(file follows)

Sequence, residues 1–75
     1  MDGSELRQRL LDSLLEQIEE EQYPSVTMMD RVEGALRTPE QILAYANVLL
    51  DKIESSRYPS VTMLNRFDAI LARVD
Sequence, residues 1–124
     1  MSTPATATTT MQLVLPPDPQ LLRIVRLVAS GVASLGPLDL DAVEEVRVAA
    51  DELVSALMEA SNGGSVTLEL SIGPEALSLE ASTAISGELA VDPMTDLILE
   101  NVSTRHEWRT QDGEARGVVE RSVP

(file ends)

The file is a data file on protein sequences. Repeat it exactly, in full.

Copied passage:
Sequence, residues 1–75
     1  MDGSELRQRL LDSLLEQIEE EQYPSVTMMD RVEGALRTPE QILAYANVLL
    51  DKIESSRYPS VTMLNRFDAI LARVD
Sequence, residues 1–124
     1  MSTPATATTT MQLVLPPDPQ LLRIVRLVAS GVASLGPLDL DAVEEVRVAA
    51  DELVSALMEA SNGGSVTLEL SIGPEALSLE ASTAISGELA VDPMTDLILE
   101  NVSTRHEWRT QDGEARGVVE RSVP